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What is Essential Oils Allergy?

There is a long list of potentially toxic essential oils that should be avoided when you have a cat in your home. Some of these essential oils are used in food additives, cleaning products, insect repellents and shampoos. Use caution when using these products or simply avoid products that contain these essential oils. Cats are very sensitive to smells and they will avoid areas that contain these oils. If you notice your cat avoiding certain rooms or areas, look around for the possible cause and remove any candles or products that contain essential oils. 

Some of the most common and toxic essential oils to cats include oregano, bay leaf, savory, cedar leaf, parsley, sage, hyssop, lavender, eucalyptus, Cyprus, mint, citronella, clove, caraway, ginger, chamomile, rosemary, pine, thyme, peppermint, lemon, tea tree oil, cinnamon bark oil, wintergreen and oils that contain phenols.

Essential oils can be dangerous to cats as they are absorbed into the bloodstream and then metabolized in your cat’s liver because they do not have glucuronyl transferase, a liver enzyme. Most mammals have a natural detoxification mechanism called hepatic glucuronidation but cats do not have this. Whether ingested, inhaled or applied topically, cats are much more susceptible to essential oils than most other mammals.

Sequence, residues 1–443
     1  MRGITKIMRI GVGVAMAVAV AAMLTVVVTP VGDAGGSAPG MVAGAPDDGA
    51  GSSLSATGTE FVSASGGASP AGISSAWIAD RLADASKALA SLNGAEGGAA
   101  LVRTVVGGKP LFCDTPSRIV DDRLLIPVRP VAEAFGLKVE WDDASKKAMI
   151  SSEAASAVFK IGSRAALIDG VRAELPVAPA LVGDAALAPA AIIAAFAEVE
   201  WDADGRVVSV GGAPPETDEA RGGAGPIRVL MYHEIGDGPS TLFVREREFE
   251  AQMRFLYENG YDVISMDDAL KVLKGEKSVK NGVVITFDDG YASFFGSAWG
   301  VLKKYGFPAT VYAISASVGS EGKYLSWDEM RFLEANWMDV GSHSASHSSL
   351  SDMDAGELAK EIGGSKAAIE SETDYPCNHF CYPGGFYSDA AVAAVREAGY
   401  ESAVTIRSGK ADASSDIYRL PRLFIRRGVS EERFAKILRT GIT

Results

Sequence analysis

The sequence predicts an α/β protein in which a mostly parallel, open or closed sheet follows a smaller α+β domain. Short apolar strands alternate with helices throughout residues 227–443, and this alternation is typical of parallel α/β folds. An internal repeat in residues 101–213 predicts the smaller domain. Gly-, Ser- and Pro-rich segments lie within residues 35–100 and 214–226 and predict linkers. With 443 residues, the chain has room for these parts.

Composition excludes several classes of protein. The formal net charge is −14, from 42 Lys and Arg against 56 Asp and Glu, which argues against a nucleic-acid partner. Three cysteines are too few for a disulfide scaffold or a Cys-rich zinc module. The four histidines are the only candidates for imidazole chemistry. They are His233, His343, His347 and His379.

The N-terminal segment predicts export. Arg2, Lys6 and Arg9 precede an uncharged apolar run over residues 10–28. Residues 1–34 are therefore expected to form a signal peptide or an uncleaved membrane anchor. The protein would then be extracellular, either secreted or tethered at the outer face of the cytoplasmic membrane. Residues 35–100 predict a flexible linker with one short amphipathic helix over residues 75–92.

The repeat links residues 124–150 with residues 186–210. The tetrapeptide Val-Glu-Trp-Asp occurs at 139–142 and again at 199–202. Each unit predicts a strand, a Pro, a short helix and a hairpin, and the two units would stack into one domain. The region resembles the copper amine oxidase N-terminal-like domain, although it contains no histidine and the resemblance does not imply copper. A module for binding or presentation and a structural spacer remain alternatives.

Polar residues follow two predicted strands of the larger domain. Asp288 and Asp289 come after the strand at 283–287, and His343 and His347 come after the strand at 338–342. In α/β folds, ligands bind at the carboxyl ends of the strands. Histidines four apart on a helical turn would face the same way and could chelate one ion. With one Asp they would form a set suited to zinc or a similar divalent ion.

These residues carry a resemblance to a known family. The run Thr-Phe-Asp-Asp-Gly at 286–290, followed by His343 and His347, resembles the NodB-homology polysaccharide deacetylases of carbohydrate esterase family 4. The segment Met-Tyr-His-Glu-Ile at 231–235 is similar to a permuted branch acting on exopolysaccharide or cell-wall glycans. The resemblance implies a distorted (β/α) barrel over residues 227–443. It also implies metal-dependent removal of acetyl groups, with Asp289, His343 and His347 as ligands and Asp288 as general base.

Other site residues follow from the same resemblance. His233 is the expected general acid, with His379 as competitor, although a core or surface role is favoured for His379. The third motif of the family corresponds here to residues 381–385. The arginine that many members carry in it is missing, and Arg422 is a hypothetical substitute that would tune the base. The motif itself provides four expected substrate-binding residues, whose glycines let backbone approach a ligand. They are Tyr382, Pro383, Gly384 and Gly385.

Symptoms of Essential Oils Allergy in Cats

Your cat may not exhibit symptoms of essential oils allergies until the toxins begin to build up in their body. This can cause damage to their liver. If you suspect that your cat is suffering from essential oils allergies, contact your veterinarian for an appointment. Remove all candles, fragrances and other items that contain essential oils from your home. Symptoms include: 

  • Dizziness
  • Lack of appetite
  • Vomiting
  • Incoordination or lack of balance
  • Difficulty breathing
  • Fragrance/scent on their coat, skin or breath
  • Drooling
  • Lethargy or weakness
  • Scratching at their mouth or face
  • Muscle tremors
  • Redness around the mouth or on the gums and tongue

Causes of Essential Oils Allergy in Cats

There are two reasons cats are allergic to essential oils. First, they have more delicate skin that is thinner than most mammals. This allows for quicker absorption into the bloodstream. Second, cats are unable to metabolize the compounds found in essential oils. This will lead to a toxic buildup within their bodies. This toxic buildup can lead to liver damage. 

It is best to avoid using essential oils in your home and you should never put any product containing essential oils directly on your cat. Be sure to read labels carefully and avoid products such as shampoos and cleaning products that have these oils in them.

Diagnosis of Essential Oils Allergy in Cats